Kasparov to play virtual-reality chess match

Updated: 25 February 2007 08:48 IST

The world's top-ranked chess player Kasparov is facing a hi-tech challenge: playing a game invented more than a millennium ago, against a computer.

Kasparov to play virtual-reality chess match

New York:

The world's top-ranked chess player Kasparov is facing a hi-tech challenge: playing a game invented more than a millennium ago, against a computer, with voice-activated moves posted on a virtual board. The Russian chess player is ready to compete against a computer program called the X3D Fritz. The four-game match is scheduled for November 11, 13, 16 and 18 in New York. The games can be followed on the website of the sponsor, Manhattan-based X3D Technologies Corp. In the "Man vs. Machine" match, the chessboard will be suspended in the air on a screen in front of Kasparov, who will have to wear 3-D glasses, voice-activate the chess pieces and use a joystick to rotate the virtual board. At 40, Kasparov is considered a mature champion by chess standards. But he says playing a computer helps keep his chess brain in shape. Even if he loses, Kasparov will earn 150,000 US dollars for the match. If he wins, his reward is 200,000, and a draw earns him 175,000. Kasparov's match against the computer follows the release of his book My Great Predecessors, Part I - a personal analysis of the great masters that has produced ripples in the chess world. Chess experts have discovered some analytical flaws, which Kasparov proudly defended in an Internet article as "defects," which he said "unexpectedly turn into virtues" by eliciting lively discussion among chess lovers. Generally considered the greatest chess player of all time, Kasparov was world champion between 1985 and 2000, with a tournament record second to none. After relinquishing his world title in 2000 to fellow Russian Vladimir Kramnik, he responded by taking first place in the next 10 major international events. It is not the first time Kasparov has been challenged by a computer. He won against the "Deep Blue" IBM computer in 1996, but an upgrade of the machine defeated him the following year. Earlier this year, he managed a draw against the "Deep Junior" Israeli chess programme. The International Computer Games Association (ICGA) and the United States Chess Federation (USCF) have sanctioned the match as the first official world chess championship in virtual reality. (AP)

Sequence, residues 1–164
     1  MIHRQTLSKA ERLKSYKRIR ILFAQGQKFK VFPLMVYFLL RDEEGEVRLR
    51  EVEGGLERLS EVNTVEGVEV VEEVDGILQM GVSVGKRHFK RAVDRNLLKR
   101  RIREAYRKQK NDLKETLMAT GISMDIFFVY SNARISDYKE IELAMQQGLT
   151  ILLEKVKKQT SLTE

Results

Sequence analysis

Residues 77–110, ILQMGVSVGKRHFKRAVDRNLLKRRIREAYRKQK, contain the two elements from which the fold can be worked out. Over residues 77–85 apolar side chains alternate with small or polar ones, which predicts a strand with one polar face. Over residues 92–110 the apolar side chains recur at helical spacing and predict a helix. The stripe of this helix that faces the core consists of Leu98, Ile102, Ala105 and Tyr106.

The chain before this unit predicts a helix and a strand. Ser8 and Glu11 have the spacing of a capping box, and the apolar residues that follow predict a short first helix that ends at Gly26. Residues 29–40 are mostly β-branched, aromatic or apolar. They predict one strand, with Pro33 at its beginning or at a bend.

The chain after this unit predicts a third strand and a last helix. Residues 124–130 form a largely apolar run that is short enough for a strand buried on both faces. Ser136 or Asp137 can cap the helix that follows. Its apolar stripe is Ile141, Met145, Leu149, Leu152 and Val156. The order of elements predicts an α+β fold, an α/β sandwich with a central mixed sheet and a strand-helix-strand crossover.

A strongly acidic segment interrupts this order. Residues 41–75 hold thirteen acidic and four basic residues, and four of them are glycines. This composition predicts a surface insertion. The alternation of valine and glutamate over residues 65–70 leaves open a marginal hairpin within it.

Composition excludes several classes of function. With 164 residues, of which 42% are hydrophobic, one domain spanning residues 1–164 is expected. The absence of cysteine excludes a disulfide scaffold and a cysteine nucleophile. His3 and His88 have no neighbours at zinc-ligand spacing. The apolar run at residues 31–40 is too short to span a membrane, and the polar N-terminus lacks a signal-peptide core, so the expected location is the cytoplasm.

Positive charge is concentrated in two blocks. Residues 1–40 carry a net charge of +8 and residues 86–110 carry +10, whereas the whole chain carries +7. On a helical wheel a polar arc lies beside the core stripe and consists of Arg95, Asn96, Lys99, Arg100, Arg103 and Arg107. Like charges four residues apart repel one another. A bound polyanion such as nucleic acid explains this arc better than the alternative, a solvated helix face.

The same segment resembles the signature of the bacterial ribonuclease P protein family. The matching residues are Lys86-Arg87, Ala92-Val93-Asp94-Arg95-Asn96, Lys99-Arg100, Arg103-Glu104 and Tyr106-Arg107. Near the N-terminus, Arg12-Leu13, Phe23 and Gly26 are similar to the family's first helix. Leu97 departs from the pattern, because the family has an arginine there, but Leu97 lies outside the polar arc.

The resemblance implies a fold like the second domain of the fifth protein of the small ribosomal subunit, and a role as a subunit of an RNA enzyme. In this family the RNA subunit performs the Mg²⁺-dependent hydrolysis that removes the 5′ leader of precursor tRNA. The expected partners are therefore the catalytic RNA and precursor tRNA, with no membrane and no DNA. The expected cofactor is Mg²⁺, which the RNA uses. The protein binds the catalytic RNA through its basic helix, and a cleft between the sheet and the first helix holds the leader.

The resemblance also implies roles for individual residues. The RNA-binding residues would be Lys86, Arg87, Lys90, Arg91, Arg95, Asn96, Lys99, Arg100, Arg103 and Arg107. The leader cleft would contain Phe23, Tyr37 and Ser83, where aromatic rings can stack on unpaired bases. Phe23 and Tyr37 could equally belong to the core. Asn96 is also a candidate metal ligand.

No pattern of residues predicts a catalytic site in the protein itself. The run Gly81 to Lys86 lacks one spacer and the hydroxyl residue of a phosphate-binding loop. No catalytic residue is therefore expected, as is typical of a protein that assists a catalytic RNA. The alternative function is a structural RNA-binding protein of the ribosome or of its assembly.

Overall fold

Topics : Chess
Related Articles
Magnus Carlsen Wins Third World Chess Championship
Magnus Carlsen Wins Third World Chess Championship
Magnus Carlsen vs Sergei Karyakin: Battle For World Chess Crown Heads to Tiebreaker
Magnus Carlsen vs Sergei Karyakin: Battle For World Chess Crown Heads to Tiebreaker
Chess: An Ancient Game Which Goes Back to India
Chess: An Ancient Game Which Goes Back to India
Show Comments
Advertisement